…it doesn’t invent!
Apologies for the lack of blog last week but it was the Easter Holidays and I had the Porglets. I was kept so busy with the pair of them that switching on a computer never came into the equation!
We had a trip to a castle; we took the dog for a walk; we went on Easter bunny hunts; we went round a couple of museums. The usual things a family does on a holiday, and I had to keep reminding myself that “normal” families get tired too. By the time Friday came round, I was knackered, and my back/rib muscles started playing up on Sunday night to complete the “mummy needs a holiday to recover from the holiday” look.
Sometimes, with knowing my diagnosis so well, it’s easy for me to pin all my emotions and feelings on the BPD and forget other people can feel just as tired/stressed. I suspect I’m not alone in heaving a sigh of relief that our kids are back at school and things can get back to normal. Where the diagnosis helps me, is that I KNOW I’m not Wonderwoman. I KNOW I need a break planned into my Porglet-filled days. I KNOW I’m going to run out of energy at some point and lose my temper. What I need to work on is knowing that all other parents feel the same!
This is something my CPN has been trying to get me to see over the past couple of weeks. BPD exaggerates our feelings, but it doesn’t make them up. We feel things more acutely than “normal” people, that’s for sure, but what we’re feeling is entirely normal. It’s not wrong to feel tired after an action-packed few hours/days/weeks. It’s not wrong to want to strangle the little darlings as they argue over who gets the last yoghurt. What’s wrong is telling yourself that it’s wrong to feel whatever you’re feeling.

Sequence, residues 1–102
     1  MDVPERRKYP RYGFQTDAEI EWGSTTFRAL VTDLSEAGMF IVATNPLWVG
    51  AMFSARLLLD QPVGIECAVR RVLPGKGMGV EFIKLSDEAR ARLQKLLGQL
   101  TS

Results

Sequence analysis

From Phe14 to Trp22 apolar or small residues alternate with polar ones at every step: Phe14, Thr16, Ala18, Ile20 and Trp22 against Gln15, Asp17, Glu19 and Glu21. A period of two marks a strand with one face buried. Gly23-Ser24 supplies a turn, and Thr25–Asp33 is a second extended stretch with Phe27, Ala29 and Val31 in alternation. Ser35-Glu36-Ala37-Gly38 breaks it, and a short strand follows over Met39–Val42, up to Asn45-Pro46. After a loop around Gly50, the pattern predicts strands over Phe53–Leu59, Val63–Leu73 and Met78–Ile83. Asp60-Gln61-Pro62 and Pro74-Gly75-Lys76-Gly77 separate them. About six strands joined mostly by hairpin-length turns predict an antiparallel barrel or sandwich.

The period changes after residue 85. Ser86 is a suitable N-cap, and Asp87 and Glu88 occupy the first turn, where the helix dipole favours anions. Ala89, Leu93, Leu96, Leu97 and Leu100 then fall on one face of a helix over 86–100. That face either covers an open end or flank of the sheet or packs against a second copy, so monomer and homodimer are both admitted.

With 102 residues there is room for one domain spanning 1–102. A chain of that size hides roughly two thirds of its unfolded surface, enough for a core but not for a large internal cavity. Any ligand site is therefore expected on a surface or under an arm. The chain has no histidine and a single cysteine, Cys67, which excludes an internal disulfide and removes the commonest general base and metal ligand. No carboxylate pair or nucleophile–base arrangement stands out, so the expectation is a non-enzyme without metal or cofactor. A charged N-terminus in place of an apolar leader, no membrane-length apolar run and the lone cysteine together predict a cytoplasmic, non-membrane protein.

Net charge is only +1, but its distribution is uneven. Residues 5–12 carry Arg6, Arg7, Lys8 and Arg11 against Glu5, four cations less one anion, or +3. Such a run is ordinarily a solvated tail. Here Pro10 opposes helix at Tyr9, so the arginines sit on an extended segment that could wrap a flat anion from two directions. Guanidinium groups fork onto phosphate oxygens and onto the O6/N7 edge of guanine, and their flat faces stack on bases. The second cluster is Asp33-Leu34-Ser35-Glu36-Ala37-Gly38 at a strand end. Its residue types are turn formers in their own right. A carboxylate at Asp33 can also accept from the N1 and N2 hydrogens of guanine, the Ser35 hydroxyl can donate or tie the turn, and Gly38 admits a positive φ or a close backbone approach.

When I’m tired I blame my BPD and, in blaming it, I make it out to be a bad thing. I subconsciously tell myself that I’m feeling tired BECAUSE of the BPD; if I were normal I wouldn’t be so tired; the BPD is MAKING me tired etc etc. What I need to be doing is telling myself that I possibly feel more tired than some people because my BPD is EXAGGERATING a perfectly normal reaction.
I’m not sure when I fell into the trap of thinking my feelings were wrong but it’s one I need to get out of if I’m going to get on with living with depression on top of the BPD. Just because my emotional reactions are exaggerated, doesn’t mean it’s wrong to feel them in the first place. They haven’t come out of nowhere, made up by my broken brain. They’re genuine and I’m going to start treating them as such. My feelings are valid and come from somewhere…it’s time to start tackling them rather than excusing them.